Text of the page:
L. Neil Smith's
Abortion and Libertarianism: A Conclusion
by W. James Antle III
Exclusive to TLE
The abortion debate needn't be an endless rehashing of political minutiae when it can serve as an occasion for reexamining libertarian first principles. It touches on humanity as the basis for individual rights and the prohibition against initiatory violence.
Libertarians reject aggression against other human beings, including lethal violence against the innocent. But some defend the killing of fetuses on the grounds that the fetus is a potential rather than actual human being, a human going to be rather than a human being as William Westmiller would say.
Those making this argument fail to show the biological, genetic or ontological difference between what kind of being the fetus is and what kind of being a newborn is. Certainly birth is a monumental event. But the being that was born is the same being that was in the womb just moments before -- what miraculous change in its fundamental nature takes place simply due to the trip down the birth canal? If the development of the fetus is uninterrupted, it is an essential part of its nature to make this journey. Developmentally, it seems more accurate to say that the fetus is a potential infant in the same sense that an infant is a potential toddler or adolescent. A new being is not formed, but one organism reaches a new stage of development.
Skin cells contain human life. So do gametes. But neither have the potential to become a complete human being on their own. At conception or the simulation thereof that is cloning, a self-contained, distinct physical organism comes into existence that, unless interrupted, will actively develop into the various more mature stages of the life of a member of the human species. Sperm, eggs and somatic cells will not.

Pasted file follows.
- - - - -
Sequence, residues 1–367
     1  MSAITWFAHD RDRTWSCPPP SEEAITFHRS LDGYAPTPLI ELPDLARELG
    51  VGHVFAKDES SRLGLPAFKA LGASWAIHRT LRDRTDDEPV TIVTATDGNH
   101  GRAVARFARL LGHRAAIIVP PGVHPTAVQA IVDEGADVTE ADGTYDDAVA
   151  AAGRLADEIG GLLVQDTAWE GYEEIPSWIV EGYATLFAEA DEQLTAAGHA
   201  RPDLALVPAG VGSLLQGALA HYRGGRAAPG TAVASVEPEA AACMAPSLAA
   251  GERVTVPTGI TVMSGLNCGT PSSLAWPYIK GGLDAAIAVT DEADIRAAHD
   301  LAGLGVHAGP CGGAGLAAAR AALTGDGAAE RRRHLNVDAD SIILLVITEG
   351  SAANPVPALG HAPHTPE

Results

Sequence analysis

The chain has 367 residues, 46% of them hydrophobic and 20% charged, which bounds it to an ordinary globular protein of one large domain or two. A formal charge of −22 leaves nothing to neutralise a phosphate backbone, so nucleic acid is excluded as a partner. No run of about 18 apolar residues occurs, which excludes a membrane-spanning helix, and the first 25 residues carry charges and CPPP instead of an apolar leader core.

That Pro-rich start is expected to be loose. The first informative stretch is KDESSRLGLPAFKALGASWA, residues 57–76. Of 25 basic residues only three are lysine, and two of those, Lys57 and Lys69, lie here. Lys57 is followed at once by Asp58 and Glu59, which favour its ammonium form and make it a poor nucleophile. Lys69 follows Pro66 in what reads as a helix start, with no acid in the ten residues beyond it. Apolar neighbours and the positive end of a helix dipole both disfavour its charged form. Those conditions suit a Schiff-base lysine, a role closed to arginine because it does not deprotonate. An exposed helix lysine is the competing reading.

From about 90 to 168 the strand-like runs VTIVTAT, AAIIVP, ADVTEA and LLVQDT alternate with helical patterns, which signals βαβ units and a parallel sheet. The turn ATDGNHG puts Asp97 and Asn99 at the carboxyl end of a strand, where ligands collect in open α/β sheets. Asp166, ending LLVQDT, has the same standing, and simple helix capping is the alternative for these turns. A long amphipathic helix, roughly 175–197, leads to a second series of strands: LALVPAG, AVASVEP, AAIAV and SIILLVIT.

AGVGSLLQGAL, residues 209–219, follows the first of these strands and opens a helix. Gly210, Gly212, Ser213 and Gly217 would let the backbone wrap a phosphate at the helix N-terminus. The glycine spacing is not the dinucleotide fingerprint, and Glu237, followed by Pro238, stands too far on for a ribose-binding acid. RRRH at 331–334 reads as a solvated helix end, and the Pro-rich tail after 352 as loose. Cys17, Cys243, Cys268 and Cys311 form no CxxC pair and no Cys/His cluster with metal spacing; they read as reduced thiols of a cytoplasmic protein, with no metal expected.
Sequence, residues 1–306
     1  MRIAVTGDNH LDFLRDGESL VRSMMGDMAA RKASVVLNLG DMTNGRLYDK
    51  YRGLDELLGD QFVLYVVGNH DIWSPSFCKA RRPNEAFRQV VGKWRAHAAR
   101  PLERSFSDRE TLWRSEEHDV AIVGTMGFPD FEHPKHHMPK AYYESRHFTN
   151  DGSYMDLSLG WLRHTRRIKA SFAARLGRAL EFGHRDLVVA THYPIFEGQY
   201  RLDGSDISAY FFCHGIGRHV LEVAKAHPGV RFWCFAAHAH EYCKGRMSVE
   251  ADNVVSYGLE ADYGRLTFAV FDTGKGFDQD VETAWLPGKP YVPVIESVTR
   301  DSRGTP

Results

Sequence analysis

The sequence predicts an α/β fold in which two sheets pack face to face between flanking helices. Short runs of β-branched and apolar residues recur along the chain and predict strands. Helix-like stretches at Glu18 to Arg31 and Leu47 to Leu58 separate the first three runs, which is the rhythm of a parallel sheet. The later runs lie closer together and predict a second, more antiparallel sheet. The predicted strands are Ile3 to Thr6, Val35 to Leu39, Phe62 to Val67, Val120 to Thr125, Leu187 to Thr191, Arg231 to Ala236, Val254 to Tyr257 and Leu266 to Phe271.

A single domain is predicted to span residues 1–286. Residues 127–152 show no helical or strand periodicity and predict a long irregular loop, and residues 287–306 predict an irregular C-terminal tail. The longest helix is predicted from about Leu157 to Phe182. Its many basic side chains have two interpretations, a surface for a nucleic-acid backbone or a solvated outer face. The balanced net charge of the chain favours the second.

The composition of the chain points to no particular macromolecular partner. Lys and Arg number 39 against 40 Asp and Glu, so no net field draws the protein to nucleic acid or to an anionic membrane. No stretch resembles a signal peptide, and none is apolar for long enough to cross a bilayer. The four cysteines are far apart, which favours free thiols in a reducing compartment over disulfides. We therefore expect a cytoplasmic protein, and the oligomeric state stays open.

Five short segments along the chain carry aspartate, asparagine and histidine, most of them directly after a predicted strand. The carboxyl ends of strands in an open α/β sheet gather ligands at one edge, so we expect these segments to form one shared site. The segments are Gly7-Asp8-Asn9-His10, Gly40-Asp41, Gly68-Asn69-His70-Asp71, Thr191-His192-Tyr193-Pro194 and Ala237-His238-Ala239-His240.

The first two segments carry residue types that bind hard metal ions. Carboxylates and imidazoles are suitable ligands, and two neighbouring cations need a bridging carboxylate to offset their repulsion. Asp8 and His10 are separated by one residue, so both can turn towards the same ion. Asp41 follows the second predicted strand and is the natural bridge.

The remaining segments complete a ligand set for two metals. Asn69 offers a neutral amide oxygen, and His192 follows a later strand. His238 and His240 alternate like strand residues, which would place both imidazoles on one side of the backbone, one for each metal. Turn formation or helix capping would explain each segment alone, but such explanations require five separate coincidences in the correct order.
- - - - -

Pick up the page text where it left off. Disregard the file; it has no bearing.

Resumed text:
One can say that they have fertilized eggs but only became a father upon their children's birth. But the act of fertilizing the eggs was a necessary prerequisite of that person's fatherhood and if any of those specific fertilized eggs had not been allowed to continue developing, the specific children that this father has would not be here today. That clearly shows an individuated being. We were all once fetuses and if we had been killed as fetuses, we would no more be in existence as the individuals we are today than if we had died as infants or teen- agers.
Sapience may be one of the characteristics that makes the human species unique, but it does not define an individual's membership in that species. Humans have the capacity to reason, but even after birth this capacity is not always actualized (infants, the severely disabled, the comatose). Some mock the claim that a fetus has any rights by pointing to the absurd spectacle of fetuses exercising their rights to bear firearms, own businesses or come up with innovative ideas. But it would be equally absurd to imagine an infant doing any of those things, yet few (Peter Singer comes to mind as an exception) would endorse killing infants. Why? Because we know infants are humans and as they continue to develop cognitively, humans have the capacity for all of these things. Humans have inherent worth on the basis of their humanity, which in turn is the basis of all rights -- the intrinsic value that necessitates individual autonomy.